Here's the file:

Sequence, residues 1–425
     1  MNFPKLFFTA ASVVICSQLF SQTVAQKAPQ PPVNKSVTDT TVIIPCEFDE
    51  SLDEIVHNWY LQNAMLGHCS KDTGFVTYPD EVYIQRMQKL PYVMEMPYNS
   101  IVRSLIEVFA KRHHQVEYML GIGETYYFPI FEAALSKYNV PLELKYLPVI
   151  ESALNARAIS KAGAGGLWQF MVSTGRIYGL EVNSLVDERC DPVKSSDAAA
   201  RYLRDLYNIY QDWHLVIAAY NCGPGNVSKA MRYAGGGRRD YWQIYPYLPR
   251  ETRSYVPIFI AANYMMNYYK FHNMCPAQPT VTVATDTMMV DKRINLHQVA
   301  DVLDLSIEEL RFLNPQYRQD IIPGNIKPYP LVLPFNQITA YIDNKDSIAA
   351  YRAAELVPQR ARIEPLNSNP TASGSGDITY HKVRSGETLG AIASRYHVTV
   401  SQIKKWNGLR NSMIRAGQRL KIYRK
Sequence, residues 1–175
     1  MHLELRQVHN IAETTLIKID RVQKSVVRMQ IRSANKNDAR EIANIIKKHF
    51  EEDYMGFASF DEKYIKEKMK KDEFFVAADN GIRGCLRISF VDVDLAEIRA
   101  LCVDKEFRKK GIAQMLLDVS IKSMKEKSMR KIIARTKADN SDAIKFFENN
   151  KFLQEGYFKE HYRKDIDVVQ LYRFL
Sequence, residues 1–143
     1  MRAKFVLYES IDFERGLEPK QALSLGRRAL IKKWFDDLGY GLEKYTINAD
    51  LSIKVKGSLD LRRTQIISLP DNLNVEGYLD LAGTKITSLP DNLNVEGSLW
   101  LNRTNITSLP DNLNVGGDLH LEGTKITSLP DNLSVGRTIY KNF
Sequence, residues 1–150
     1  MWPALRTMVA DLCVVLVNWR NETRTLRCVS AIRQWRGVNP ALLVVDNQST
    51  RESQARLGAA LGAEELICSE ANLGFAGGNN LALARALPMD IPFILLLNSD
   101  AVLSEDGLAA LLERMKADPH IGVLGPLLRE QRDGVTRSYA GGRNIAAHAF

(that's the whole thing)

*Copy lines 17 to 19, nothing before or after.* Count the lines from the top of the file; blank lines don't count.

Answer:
     1  MRAKFVLYES IDFERGLEPK QALSLGRRAL IKKWFDDLGY GLEKYTINAD
    51  LSIKVKGSLD LRRTQIISLP DNLNVEGYLD LAGTKITSLP DNLNVEGSLW
   101  LNRTNITSLP DNLNVGGDLH LEGTKITSLP DNLSVGRTIY KNF